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Examines in Marine Biology & Oceanography

The Complexity of the Coastal Landscape: Assembly of Environmental Systems and Knowledge in Peña Blanca, Mexico

Cervantes O1*, Sosa Argáez I2, Olivos-Ortiz A1, Silvestre-Campos A2, Palacios-Fonseca AJ3 and Liñán-Cabello MA1

1Faculty of Marine Sciences (FACIMAR), Mexico

2Faculty of Tourism and Gastronomy, Mexico

3Faculty of Medicine, Mexico

*Corresponding author: Omar Cervantes, Faculty of Marine Sciences (FACIMAR), University of Colima, Manzanillo-Barra de Navidad Highway Km 20. Col. El Naranjo. CP 28860, Manzanillo, Mexico

Submission: July 04, 2023;Published: July 20, 2023

DOI: 10.31031/EIMBO.2023.06.000630

ISSN 2578-031X
Volume6 Issue1


This work describes a complexity window in the Mexican Pacific, the Peña Blanca coastal landscape, which hosts a socio-environmental habitat resulting from the interaction of coastal features, their biophysical elements, and the regional climate (rains, drought, hurricanes, and storms). The cliffs on the coast of Colima, Mexico, are a habitat that allows the development of marine species adapted to constant and intense waves, sea breezes, splashes, and a rocky substrate, which become limits or edges that explain their spatial and temporal distribution. The so-called “chitons and hat snails” (Chiton articulatus and Calyptraea spirata) are recognized and identified as gastro-ecological elements and a regional food heritage resulting from the coastal complexity. Given their regional endemism, their populations, nutritional aspects, and interactions with the local community should be studied to establish inclusive and sustainable socio-ecological strategies for the maintenance of these marine species in the face of artisanal extractive processes and the current climate variability.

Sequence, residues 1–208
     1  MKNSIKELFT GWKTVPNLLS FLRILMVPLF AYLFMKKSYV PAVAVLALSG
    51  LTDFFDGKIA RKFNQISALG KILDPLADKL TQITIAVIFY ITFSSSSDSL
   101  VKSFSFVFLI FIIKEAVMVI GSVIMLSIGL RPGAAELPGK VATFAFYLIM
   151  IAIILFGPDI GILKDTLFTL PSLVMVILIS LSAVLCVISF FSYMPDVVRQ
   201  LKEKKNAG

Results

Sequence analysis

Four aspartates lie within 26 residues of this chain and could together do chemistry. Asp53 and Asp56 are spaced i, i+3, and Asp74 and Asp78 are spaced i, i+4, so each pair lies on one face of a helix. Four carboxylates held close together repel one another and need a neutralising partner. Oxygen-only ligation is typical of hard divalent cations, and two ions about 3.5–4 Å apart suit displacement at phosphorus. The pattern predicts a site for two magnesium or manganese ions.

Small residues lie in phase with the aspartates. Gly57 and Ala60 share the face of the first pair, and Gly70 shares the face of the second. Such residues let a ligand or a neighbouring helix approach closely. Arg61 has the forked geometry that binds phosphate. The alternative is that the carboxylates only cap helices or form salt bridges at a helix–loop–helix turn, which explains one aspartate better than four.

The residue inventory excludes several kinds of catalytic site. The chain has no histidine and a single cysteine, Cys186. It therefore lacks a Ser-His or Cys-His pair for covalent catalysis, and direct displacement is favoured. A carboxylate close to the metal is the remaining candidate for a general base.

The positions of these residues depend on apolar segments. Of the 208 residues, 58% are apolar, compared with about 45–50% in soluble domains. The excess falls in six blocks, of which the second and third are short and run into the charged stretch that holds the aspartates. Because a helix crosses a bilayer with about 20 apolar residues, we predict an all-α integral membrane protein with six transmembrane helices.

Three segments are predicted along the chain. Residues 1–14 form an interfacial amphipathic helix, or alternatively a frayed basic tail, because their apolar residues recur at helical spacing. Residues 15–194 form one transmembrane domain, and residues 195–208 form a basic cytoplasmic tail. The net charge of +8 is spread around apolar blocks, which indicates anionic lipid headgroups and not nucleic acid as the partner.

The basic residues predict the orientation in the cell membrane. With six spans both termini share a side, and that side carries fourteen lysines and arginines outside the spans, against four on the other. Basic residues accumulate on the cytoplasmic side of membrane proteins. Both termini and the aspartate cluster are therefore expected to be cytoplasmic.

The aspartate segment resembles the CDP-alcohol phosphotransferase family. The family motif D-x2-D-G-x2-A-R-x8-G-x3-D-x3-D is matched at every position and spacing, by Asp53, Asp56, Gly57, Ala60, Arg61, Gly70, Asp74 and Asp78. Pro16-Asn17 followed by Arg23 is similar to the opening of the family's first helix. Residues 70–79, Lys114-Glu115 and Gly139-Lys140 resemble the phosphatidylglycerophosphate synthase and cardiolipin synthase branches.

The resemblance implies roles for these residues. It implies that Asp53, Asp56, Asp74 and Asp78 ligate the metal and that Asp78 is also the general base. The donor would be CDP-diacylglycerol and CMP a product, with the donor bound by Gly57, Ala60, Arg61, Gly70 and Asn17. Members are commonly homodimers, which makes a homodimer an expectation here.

Keywords:Coastal socio-environmental complexity; Gastro-ecological landscapes; Univalves; regional food heritage; Conservation


The Peña Blanca coastal system in Manzanillo, Colima, is located on the Central Pacific coast of Mexico (Figure 1). It is composed of multiple biophysical elements and coastal features, such as dunes and dune vegetation, beaches, coastal lagoons, marshes, cliffs, tidal pools, low deciduous forests, and mangroves, all of which are shaped under the influence of two climatic seasons (wet and drought) associated with hurricanes and tropical storms [1,2]. These environments are assembled into landscape scenes, which become habitats with particular characteristics derived from the interaction between ocean processes (coastal dynamics, sea breezes, tides, and splashes) and geomorphological features. They constitute a unique and complex socio-environmental system under a dynamic balance where the interaction of the coastal marine biophysical elements provides various goods and services, including a first line of defense against a potential rise in sea level, and socio-cultural inputs, natural richness, food sources, and emerging properties such as the beach + dunes coastal landscape [3].

Figure 1:Location of Peña Blanca Coast, Manzanillo, Mexico.